This stuff is pathetic submission, and inherent in all forms of obsequious subservience to theological threats.

Non-believing adults see it as submission.

Schoolchildren believe their teachers' delusions.

My Catholic dad told my brother and me that if we get in trouble at school we are in trouble with him too, so we didn't ask him for his opinion on the fasting.

Most religions are based on a complex form of allegory and religious practices are efforts to bring metaphoric relationships into the real world.   In order to recognize this fact it certainly helps if one understands the real world meaning behind metaphors.  In regards to food and beverage, I have so far identified “water” as “writings”, “bread” as a form of “history”, “wine” as “philosophy”, “honey” as a type of “stolen knowledge” and “meat” from “unclean” animals is forbidden knowledge.   Based on these identifications as well as other observations, it seems clear to me that “food” is a general metaphor for knowledge and thus “fasting” is a metaphor for the promotion of ignorance.  (When “fasting” occurs in Biblical stories it means that some damaging knowledge was in circulation during the period in which the story occurs and efforts to censor this knowledge were put in place.) 

Hopefully, people will see this as “food for thought”.   Note that this theory helps to explain the Catholic claim of Transubstantiation of the bread and wine in Communion since the words spoken during the Communion service itself contain elements of “history” and “philosophy”.    (Keep in mind the idea that  “...the Word was God…”)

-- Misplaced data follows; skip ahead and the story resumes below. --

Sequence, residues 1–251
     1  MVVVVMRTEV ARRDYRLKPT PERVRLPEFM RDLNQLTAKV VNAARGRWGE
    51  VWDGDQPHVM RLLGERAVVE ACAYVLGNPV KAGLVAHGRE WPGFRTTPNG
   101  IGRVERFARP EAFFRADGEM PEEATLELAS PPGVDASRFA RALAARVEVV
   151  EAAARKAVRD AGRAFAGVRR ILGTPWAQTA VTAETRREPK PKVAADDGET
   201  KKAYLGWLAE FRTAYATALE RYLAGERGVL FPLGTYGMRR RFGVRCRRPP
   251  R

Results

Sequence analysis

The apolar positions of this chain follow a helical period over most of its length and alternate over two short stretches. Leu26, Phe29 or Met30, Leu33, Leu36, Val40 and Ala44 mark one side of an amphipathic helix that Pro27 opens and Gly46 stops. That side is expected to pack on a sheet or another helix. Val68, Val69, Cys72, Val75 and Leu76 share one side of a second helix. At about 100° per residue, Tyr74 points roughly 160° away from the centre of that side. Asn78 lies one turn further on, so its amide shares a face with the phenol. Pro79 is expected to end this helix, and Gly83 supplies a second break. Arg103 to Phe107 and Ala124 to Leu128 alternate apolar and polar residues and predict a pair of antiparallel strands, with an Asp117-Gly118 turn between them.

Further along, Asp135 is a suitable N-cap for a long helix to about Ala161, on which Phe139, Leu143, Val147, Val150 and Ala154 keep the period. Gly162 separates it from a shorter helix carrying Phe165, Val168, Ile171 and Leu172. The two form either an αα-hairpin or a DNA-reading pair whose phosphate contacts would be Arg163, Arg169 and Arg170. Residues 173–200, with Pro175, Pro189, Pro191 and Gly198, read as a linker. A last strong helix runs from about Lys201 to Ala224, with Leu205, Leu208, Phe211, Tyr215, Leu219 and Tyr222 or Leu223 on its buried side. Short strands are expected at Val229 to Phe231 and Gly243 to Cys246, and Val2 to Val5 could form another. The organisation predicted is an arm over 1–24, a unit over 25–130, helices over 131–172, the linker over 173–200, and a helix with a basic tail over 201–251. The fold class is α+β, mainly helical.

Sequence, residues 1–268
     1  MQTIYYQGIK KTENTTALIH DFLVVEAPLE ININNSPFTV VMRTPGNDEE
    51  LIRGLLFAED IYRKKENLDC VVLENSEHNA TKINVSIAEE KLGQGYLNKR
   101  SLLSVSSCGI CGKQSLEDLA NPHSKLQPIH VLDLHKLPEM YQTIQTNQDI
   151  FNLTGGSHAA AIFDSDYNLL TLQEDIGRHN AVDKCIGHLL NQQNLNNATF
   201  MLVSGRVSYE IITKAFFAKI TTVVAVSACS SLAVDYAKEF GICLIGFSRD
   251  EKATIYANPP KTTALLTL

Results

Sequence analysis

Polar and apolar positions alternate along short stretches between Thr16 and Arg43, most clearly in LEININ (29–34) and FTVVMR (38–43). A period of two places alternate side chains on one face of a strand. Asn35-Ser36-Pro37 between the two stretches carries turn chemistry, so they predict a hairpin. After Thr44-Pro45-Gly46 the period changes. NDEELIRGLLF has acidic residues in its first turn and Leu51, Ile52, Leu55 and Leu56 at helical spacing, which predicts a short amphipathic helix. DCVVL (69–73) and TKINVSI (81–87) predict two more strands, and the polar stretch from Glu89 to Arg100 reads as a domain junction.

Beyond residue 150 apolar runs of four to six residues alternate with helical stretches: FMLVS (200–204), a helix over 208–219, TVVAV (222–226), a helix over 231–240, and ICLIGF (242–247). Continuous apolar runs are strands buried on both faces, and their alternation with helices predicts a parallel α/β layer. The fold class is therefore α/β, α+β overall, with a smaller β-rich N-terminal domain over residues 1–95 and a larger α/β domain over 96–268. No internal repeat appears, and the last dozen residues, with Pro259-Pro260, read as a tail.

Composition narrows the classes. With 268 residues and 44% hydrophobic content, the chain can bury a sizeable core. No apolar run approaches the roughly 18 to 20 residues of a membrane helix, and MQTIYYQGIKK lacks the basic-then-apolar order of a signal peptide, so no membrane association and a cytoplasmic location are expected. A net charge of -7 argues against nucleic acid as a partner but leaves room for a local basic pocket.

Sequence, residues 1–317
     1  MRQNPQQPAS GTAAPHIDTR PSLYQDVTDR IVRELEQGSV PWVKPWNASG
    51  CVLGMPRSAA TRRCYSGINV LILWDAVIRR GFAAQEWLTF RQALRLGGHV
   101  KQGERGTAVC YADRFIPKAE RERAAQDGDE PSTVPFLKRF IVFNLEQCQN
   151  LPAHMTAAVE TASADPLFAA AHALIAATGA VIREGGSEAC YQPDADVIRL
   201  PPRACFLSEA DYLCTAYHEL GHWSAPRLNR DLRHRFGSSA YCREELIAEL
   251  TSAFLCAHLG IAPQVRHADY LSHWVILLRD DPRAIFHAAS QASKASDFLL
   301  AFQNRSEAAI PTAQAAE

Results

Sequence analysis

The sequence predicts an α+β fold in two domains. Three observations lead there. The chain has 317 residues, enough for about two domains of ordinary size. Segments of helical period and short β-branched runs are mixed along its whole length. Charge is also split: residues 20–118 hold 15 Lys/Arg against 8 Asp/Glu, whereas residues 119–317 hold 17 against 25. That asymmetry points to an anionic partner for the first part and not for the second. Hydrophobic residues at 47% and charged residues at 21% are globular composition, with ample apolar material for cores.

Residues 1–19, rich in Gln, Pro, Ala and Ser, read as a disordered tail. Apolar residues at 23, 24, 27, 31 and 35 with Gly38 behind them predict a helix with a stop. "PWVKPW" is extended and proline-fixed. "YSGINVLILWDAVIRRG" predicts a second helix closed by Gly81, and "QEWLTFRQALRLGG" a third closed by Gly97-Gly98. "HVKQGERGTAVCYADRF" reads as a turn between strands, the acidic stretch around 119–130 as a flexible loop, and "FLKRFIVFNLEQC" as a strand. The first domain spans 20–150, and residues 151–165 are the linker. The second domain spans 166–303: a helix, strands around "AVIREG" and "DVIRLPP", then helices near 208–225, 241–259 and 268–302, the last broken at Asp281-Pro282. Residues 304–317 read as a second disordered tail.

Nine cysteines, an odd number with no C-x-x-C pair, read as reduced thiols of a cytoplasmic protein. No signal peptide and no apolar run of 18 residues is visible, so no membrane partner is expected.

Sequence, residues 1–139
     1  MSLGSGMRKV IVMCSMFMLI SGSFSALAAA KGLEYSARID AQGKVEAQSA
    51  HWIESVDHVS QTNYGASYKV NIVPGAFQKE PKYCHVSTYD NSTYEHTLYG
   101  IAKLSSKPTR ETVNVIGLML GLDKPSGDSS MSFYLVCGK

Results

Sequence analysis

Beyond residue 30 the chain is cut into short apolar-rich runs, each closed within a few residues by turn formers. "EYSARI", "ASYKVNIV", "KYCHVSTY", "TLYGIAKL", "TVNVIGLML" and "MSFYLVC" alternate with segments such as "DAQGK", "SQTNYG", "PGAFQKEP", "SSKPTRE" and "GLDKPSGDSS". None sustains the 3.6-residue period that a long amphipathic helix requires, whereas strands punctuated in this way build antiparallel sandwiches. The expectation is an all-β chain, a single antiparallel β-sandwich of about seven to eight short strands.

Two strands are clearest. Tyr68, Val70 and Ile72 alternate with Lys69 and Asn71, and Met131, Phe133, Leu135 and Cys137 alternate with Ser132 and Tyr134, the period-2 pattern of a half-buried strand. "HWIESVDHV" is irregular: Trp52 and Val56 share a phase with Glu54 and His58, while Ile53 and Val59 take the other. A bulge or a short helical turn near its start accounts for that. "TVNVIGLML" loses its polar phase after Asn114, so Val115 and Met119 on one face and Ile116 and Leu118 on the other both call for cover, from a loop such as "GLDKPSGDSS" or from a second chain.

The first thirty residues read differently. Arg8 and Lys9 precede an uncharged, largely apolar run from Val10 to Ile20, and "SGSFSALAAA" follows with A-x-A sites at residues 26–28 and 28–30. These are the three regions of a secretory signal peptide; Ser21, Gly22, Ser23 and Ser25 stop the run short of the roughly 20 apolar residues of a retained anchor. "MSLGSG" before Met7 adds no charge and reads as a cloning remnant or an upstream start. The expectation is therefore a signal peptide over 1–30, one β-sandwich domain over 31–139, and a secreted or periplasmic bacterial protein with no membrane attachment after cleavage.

And of course this also helps to explain Christ’s “miracle” of turning “water” into “wine”.  This miracle was actually performed by Philo (via the Word) when he converted the writings of Moses into a form of philosophy.   At the time that Christ supposedly walked the earth, Philo was claiming that the works of Moses could be understood allegorically.  Philo’s interpretations were, of course, only superficial (half eaten) “walking on water” since he did not dip into the underworld of hidden meanings.  (Judas the Galilean had created an “apocalypse” or “uncovering” when he opposed “tax collecting” and founded the pre-Christian Gnostics and exposed the secrets of religious allegory.  To undo the damage Philo led a campaign of disinformation and Gnosticism was transformed into Christianity through infiltration of Gnostic sects and one representation of this change is provided by Paul’s conversion on the “road” to “Damascus”.  Philo's efforts were aided by the fact that all real world ideas can be expressed by multiple metaphors which gives the impression that allegory can be interpreted to mean whatever one wants it to mean.)